**I like triangles. I like numbers. So what could possibly be better than having BOTH AT THE SAME TIME?! The answer is nothing! 8D**

The triangular numbers are the numbers of objects one can use to form an equilateral triangle.

**Anyone up for billiards? Or bowling? (Image: Wikimedia Commons)**

**Pretty straightforward, right? To get the number, we just add up the total number of things, which is equal to adding up the number of objects in each row. For a triangle with ***n*** rows, this is equivalent to**

**This means that the triangular numbers are just sums from 1 to some number ***n***. This gives us a good definition, but is rather impractical for a quick calculation. How do we get a nice, shorthand formula? Well, let's first add sequential triangular numbers together. If we add the first two triangular numbers together, we get 1 + 3 = 4. The next two triangular numbers are 3 + 6 = 9. The next pair is 6 + 10 = 16. Do you see the pattern? These sums are all square numbers. We can see this visually using our triangles of objects.**

**(Image: Wikimedia Commons)**

**You can do this for any two sequential triangular numbers. This gives us the formula**

**We also know that two sequential triangular numbers differ by a new row, or ***n***. Using this information, we get that**

**Now we finally have an equation to quickly calculate any triangular number. The far right of the final line is known as a binomial coefficient, read "***n*** plus one choose two." It is defined as the number of ways to pick two objects out of a group of ***n*** + 1 objects.**

For example, what is the 100^{th} triangular number? Well, we just plug in *n*** = 100.** **T**_{100} = (100)(101)/2 = 10100/2 = 5050

**We just summed up all the numbers from 1 to 100 without breaking a sweat. You may be thinking, "Well, that's cool and all, but are there any applications of this?" Well, yes, there are. The triangular numbers give us a way of figuring out how many elements are in each row of the periodic table. Each row is determined by what is called the principal quantum number, which is called ***n***. This number can be any integer from 1 to infinity. The energy corresponding to ***n*** has ***n*** angular momentum values which the electron can possess, and each of these angular momentum quanta have 2***n*** - 1 orbitals for an electron to inhabit, and two electrons can inhabit a given orbital. Summing up all the places an electron can be in for a given ***n*** involves summing up all these possible orbitals, which takes on the form of a triangular number.**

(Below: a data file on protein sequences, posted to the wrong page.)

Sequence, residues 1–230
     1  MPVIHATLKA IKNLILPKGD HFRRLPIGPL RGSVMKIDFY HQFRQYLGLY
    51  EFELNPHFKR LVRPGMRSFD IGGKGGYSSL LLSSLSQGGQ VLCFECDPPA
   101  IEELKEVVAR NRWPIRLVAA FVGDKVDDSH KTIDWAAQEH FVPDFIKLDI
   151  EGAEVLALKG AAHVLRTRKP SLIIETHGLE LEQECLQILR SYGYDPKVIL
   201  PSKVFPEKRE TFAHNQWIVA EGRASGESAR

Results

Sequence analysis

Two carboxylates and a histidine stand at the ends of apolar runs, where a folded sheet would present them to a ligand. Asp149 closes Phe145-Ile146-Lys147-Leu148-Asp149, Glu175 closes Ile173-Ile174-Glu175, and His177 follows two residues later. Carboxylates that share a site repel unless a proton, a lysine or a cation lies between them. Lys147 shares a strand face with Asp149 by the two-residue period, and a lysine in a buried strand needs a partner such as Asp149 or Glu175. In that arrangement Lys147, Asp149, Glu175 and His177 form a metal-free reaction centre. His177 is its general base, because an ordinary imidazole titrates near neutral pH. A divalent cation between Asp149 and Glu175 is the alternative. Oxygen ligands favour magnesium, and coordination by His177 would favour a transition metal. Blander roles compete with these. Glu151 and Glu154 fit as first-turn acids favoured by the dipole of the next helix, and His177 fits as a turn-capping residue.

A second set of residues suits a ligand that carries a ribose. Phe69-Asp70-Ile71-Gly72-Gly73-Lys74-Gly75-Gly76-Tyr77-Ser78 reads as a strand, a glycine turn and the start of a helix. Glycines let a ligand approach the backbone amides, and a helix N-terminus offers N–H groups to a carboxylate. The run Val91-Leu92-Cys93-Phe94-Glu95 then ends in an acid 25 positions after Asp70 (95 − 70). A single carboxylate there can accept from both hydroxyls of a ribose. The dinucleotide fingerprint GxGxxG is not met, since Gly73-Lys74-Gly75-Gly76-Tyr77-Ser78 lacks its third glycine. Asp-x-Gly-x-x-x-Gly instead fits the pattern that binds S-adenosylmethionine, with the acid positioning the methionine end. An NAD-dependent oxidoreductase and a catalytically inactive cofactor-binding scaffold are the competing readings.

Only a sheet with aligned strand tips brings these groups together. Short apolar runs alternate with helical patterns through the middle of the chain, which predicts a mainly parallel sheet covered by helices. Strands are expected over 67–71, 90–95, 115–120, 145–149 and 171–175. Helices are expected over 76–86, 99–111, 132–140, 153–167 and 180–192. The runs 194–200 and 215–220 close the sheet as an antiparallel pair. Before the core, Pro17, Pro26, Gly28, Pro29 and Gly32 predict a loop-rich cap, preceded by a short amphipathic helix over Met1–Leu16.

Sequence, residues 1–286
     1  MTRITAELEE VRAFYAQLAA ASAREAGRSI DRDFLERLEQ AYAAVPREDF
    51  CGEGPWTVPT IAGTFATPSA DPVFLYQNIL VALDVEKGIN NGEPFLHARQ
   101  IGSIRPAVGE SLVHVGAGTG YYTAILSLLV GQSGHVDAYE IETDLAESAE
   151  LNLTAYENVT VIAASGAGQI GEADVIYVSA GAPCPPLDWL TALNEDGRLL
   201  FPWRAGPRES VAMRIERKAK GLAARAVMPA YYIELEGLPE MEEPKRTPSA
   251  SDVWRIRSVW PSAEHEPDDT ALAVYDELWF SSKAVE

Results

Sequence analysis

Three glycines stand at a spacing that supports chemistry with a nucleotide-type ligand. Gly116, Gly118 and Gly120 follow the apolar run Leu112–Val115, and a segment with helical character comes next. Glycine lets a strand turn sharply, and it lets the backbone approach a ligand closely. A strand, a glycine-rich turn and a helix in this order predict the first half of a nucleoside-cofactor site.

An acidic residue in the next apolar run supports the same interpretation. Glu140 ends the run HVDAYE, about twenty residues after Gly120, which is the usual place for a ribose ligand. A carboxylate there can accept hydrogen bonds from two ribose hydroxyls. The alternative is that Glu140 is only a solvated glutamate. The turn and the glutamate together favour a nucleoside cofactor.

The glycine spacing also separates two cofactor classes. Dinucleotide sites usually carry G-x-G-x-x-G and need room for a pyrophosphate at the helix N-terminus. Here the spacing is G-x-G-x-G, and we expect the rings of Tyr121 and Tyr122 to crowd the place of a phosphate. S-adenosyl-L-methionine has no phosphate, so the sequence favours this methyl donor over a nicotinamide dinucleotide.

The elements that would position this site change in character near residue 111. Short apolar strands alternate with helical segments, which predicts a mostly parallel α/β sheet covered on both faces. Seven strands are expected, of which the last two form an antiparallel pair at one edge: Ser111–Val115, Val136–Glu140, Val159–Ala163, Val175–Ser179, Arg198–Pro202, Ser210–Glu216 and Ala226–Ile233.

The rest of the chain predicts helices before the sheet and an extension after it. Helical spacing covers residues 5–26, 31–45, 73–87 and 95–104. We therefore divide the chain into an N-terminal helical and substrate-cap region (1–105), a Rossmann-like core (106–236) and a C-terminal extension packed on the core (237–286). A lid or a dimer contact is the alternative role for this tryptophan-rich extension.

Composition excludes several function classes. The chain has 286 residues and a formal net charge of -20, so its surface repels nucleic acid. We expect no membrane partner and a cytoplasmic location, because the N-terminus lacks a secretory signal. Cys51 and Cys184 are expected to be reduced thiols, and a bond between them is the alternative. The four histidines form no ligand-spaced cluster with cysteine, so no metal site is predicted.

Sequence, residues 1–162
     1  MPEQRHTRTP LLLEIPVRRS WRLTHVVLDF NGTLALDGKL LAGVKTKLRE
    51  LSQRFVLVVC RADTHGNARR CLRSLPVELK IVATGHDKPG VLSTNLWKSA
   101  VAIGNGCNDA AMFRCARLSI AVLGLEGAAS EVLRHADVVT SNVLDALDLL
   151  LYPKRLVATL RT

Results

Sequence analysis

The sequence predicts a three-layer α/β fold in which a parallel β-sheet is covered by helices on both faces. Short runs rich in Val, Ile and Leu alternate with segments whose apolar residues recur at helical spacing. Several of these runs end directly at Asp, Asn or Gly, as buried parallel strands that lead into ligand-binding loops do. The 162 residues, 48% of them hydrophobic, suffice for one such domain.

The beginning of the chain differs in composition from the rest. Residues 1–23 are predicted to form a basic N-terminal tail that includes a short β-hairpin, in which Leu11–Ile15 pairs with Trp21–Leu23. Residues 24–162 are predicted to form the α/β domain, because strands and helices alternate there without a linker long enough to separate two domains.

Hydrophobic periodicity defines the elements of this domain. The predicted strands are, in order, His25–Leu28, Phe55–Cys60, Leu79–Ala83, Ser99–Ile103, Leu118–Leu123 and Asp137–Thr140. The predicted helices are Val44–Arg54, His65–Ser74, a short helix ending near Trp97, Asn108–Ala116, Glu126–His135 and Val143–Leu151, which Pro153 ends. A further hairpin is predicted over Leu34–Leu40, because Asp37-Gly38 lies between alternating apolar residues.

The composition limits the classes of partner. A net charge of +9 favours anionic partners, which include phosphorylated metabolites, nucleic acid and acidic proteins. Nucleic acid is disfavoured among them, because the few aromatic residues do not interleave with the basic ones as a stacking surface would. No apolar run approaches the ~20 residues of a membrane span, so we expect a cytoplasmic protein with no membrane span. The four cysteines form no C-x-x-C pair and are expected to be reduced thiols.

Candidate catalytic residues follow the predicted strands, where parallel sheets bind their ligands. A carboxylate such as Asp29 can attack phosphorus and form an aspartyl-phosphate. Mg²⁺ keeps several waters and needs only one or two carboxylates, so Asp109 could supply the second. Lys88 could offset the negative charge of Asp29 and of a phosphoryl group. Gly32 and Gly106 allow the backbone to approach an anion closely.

**The end result of this calculation is that there are ***n*^{2} orbitals for a given *n***, and two electrons can occupy each orbital; this leads to each row of the periodic table having 2⌈(***n***+1****)/2⌉**^{2}**elements in the ***n*^{th} row, where **⌈x****⌉ is the ceiling function.** They also crop up in quantum mechanics again in the quantization of angular momentum for a spherically symmetric potential (a potential that is determined only by the distance between two objects). The total angular momentum for such a particle is given by

**What I find fascinating is that this connection is almost ***never mentioned* in physics courses on quantum mechanics, and I find that kind of sad. The mathematical significance of the triangular numbers in quantum mechanics is, at the very least, cute, and I wish it would just be mentioned in passing for those of us who enjoy these little hidden mathematical gems.

There are more cool properties of triangular numbers, which I encourage you to read about, and other so-called "figurate numbers," like hexagonal numbers, tetrahedral numbers, pyramidal numbers, and so on, which have really cool properties as well.